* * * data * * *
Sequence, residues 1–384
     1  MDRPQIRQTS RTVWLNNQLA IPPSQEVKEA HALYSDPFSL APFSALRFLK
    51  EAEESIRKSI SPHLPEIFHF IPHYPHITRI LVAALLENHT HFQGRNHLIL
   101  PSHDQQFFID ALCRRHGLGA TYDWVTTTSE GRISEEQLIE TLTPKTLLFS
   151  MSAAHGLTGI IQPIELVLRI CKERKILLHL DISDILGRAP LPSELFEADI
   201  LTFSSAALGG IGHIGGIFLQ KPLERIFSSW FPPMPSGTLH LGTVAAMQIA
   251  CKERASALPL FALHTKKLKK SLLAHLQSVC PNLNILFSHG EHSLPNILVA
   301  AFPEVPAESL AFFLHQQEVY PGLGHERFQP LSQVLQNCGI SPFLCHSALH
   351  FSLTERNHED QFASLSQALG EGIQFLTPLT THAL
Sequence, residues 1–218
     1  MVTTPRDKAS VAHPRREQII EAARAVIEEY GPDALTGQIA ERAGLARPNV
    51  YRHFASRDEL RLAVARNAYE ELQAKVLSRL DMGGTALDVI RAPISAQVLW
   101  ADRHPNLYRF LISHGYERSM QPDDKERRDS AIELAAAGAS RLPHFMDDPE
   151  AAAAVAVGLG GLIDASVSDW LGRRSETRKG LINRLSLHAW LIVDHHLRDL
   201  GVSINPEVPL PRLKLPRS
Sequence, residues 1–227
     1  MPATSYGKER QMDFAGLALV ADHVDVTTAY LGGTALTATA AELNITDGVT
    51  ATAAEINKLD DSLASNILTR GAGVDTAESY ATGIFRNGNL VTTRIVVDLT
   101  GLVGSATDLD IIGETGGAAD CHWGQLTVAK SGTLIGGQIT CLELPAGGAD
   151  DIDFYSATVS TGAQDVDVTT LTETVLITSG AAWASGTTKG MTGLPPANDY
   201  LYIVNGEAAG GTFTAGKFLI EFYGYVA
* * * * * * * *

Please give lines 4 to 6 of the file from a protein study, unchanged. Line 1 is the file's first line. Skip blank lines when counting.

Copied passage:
   101  PSHDQQFFID ALCRRHGLGA TYDWVTTTSE GRISEEQLIE TLTPKTLLFS
   151  MSAAHGLTGI IQPIELVLRI CKERKILLHL DISDILGRAP LPSELFEADI
   201  LTFSSAALGG IGHIGGIFLQ KPLERIFSSW FPPMPSGTLH LGTVAAMQIA